Be thankful for what you have; you’ll end up having more. If you concentrate on what you don’t have, you will never, ever have enough. – Oprah Winfrey
Thanksgiving is almost here! While it is not a holiday in England, my childhood home, I appreciate this national celebration and the importance of giving thanks and being grateful.
Here are three ways to grow gratitude:
Focus on kindness]]>
The speaker at the podium eyed the audience, took a deep breath and then somberly addressed us with these words: “Ladies, if you do only one thing… Keep your commitments to yourself. Do what you say you are going to do. Always!”
All well and good! However, this admonition may not always apply to exercise advice. Here is an example:
A wellness coach related that a client had agreed to increase her exercise level by going to the gym directly after work. The client found this difficult to do. The moment when she needed to turn into the gym parking lot, she drove on home instead.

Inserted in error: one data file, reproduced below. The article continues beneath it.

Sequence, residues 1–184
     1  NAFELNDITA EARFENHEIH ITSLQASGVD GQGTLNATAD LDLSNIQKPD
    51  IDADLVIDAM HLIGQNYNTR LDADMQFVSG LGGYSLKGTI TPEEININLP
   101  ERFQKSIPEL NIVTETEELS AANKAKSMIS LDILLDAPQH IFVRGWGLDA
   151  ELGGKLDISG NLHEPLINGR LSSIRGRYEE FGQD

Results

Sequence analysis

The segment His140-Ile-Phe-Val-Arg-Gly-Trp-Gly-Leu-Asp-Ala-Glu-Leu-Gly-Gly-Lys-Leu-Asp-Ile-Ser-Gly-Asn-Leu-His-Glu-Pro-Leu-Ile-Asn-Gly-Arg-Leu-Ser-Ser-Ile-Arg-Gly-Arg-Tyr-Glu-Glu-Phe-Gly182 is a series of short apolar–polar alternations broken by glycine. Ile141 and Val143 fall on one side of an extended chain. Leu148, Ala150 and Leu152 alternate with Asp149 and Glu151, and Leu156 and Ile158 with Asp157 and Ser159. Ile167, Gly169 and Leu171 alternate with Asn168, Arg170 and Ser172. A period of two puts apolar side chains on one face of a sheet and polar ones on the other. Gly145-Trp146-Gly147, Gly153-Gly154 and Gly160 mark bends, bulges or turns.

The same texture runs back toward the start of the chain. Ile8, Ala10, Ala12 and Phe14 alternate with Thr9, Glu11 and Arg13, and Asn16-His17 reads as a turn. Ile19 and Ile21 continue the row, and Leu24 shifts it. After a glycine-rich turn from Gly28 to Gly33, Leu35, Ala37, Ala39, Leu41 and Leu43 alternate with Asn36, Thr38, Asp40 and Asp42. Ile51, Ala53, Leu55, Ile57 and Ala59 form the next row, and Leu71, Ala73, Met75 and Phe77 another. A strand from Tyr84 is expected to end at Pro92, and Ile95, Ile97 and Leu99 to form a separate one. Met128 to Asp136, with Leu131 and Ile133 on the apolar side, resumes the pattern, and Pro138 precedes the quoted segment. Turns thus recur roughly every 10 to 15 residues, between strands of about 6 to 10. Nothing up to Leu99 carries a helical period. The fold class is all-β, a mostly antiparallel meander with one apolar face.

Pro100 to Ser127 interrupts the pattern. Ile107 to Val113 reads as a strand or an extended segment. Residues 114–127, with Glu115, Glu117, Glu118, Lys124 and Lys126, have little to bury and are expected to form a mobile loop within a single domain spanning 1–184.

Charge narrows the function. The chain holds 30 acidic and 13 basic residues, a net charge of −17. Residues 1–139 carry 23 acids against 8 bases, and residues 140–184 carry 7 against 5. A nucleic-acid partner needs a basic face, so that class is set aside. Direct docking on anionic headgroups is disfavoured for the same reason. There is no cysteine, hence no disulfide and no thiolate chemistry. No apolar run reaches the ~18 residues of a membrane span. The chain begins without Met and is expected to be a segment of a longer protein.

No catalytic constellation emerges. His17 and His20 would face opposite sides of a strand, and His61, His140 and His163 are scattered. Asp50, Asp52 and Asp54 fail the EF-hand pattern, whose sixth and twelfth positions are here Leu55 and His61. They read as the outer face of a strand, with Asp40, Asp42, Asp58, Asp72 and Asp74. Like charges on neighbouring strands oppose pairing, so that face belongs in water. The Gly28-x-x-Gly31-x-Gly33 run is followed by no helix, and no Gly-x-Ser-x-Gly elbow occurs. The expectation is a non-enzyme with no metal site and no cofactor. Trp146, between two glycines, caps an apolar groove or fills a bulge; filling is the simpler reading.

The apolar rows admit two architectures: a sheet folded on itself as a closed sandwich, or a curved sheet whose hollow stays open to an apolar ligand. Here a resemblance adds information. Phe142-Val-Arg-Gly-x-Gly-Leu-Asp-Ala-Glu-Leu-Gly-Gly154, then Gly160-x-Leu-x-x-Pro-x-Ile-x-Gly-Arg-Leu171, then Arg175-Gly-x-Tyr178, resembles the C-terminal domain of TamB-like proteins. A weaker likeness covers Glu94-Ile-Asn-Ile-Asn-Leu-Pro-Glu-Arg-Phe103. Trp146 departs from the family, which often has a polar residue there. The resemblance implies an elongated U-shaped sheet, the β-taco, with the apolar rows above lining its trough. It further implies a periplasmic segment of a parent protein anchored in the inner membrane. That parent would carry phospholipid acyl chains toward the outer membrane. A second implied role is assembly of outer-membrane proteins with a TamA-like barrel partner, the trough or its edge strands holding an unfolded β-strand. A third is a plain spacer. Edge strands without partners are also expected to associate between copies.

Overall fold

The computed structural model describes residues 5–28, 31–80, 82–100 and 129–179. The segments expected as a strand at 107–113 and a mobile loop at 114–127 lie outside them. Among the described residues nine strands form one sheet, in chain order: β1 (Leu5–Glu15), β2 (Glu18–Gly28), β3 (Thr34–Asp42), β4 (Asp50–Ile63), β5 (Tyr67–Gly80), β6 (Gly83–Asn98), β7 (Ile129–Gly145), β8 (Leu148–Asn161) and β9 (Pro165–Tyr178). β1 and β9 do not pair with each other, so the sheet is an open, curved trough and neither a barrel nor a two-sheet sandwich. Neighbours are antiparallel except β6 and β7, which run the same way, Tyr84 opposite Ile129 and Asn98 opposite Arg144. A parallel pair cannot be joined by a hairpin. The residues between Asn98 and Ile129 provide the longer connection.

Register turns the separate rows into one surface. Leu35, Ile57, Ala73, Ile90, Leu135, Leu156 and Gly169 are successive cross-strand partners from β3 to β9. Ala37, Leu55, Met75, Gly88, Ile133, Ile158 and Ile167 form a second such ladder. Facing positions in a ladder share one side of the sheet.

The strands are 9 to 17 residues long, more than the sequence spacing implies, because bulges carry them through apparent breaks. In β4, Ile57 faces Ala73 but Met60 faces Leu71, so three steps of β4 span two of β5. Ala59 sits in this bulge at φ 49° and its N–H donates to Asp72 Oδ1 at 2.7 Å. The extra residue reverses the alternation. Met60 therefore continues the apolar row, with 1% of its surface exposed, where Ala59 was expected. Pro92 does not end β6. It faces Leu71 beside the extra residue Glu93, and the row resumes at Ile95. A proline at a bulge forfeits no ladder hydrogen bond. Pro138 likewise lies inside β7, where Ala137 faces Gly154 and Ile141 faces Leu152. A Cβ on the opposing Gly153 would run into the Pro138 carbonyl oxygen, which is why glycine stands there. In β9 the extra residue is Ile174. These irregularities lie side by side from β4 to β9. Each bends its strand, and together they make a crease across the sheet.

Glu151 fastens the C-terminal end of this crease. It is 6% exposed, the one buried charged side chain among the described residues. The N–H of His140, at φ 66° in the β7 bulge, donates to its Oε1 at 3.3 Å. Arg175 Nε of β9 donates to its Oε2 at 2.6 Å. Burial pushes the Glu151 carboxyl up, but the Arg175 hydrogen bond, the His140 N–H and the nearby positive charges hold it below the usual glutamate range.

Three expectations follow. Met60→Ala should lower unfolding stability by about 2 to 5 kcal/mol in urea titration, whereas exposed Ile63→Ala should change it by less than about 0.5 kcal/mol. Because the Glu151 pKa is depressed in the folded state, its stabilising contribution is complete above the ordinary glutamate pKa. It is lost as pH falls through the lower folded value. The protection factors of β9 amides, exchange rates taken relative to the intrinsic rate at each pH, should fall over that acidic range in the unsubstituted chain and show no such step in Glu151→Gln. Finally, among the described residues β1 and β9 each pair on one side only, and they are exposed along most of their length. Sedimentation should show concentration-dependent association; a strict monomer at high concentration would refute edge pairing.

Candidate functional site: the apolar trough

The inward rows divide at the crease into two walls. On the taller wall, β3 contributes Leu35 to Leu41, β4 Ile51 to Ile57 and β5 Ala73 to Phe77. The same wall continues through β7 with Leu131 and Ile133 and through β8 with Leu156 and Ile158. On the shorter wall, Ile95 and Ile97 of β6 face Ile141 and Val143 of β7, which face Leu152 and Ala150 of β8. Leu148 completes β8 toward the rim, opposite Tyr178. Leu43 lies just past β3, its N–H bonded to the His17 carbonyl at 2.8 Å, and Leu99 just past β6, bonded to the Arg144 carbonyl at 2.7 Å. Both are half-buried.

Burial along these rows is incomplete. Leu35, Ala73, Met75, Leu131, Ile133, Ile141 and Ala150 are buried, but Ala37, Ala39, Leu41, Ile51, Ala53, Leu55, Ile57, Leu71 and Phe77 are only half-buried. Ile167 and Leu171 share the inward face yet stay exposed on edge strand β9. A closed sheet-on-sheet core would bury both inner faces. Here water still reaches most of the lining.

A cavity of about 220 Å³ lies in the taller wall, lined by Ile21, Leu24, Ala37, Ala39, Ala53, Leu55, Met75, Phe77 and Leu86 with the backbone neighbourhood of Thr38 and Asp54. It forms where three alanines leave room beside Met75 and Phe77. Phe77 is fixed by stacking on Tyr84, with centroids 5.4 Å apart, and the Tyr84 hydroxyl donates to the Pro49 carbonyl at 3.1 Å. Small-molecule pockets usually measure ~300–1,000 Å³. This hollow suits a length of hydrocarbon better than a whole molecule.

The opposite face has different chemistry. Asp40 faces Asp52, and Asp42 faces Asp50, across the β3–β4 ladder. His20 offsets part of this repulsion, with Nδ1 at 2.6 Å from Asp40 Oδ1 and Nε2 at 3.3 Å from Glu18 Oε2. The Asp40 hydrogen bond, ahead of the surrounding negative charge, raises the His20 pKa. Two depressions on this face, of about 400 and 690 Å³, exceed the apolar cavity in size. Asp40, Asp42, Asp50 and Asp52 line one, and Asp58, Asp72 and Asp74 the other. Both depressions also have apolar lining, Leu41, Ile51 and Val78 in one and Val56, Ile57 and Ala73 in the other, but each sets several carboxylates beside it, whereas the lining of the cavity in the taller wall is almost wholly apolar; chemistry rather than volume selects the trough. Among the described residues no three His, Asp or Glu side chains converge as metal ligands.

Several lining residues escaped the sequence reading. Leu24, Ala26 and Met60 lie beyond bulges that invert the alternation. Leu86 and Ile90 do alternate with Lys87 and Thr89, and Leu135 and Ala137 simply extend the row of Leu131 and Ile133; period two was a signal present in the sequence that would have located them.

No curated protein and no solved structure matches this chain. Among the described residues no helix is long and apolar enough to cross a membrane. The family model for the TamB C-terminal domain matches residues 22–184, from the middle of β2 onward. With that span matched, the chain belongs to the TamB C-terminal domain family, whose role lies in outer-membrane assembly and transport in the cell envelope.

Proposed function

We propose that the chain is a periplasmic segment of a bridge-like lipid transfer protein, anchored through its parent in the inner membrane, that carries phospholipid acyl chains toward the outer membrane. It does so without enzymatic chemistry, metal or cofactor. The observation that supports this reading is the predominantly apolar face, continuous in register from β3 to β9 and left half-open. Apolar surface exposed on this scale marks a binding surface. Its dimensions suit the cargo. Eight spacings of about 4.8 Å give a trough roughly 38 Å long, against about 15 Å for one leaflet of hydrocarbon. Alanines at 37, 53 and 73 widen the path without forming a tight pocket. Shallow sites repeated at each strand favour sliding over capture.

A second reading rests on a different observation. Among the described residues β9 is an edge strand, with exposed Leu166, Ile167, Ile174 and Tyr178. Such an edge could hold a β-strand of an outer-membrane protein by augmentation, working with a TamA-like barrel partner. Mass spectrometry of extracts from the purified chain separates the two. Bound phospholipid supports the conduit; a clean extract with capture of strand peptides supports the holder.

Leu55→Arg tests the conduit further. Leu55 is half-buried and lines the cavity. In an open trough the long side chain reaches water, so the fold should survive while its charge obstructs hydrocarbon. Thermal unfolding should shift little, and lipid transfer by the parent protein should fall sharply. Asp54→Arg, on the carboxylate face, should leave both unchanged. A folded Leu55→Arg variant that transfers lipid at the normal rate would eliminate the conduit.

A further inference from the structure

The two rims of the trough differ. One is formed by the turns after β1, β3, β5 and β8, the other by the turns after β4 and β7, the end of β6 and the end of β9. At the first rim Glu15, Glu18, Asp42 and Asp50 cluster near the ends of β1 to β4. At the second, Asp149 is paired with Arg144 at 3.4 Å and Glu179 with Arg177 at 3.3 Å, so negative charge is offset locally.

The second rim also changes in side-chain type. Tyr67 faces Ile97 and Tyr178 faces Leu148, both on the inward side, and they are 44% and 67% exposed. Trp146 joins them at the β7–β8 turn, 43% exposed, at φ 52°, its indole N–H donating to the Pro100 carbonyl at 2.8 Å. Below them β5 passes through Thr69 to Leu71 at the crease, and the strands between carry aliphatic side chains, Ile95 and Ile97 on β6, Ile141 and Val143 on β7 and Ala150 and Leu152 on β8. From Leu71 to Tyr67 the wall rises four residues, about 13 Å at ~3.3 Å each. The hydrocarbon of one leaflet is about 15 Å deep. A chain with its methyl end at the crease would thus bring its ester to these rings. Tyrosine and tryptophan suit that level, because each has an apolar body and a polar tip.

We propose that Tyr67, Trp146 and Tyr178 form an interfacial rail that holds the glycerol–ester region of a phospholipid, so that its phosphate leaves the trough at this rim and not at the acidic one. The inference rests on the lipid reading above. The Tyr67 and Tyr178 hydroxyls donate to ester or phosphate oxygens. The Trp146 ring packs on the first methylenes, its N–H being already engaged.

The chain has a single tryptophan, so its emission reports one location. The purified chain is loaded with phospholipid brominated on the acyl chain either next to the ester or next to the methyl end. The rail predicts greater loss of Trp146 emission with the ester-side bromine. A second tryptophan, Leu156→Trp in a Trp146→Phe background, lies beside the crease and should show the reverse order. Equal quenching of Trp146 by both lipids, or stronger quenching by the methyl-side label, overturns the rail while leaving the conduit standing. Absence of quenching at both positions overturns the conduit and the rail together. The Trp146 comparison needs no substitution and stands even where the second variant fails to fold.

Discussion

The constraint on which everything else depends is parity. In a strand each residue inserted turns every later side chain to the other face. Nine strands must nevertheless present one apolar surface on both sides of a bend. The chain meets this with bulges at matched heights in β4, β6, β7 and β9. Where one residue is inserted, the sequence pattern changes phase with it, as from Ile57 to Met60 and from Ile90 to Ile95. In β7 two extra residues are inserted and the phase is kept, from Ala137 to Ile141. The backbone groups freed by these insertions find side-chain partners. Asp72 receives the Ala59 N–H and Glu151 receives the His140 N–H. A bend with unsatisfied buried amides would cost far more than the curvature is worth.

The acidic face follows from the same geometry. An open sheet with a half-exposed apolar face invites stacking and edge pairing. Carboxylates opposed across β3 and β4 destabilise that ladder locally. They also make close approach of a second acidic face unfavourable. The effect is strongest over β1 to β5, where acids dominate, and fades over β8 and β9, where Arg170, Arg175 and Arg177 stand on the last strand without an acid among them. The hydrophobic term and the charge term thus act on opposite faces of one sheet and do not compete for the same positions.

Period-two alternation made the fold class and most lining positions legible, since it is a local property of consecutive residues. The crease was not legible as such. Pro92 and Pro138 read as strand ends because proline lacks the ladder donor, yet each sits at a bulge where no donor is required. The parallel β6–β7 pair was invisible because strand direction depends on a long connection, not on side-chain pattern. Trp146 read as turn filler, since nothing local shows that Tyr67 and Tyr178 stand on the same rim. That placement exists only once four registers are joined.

The coach’s remedy? “Don’t go to the restroom before leaving work. Instead, stop off at the gym to use the facilities. Once there, you might as well exercise, right?” Even so, the client continued to resist stopping at the gym. The coach concluded that non-compliance showed a lack of willpower. Now guilt was added to a complex emotional mix.
Certainly, expert advice and mentoring can be useful in developing an exercise regimen. Yet reliance on shortcuts and tricks to overcome apparent resistance indicates a yellow flashing light. If you’ve been working with me as your coach, you probably can pick out trouble spots in this "hard love" approach to lifestyle change:]]>
“A ‘No’ uttered from deepest conviction is better and greater than a ‘Yes” merely uttered to please, or what is worse, to avoid trouble.” … Mahatma Gandhi
I just finished reading “The Power of a Positive No” by William Ury. The author addresses a problem that blocks clear and open communication in all relationships: how to use the tiny two letter word [no] effectively.
According to Ury, the great gift of “no” allows us to create what we want, protect what we value and change what no longer works.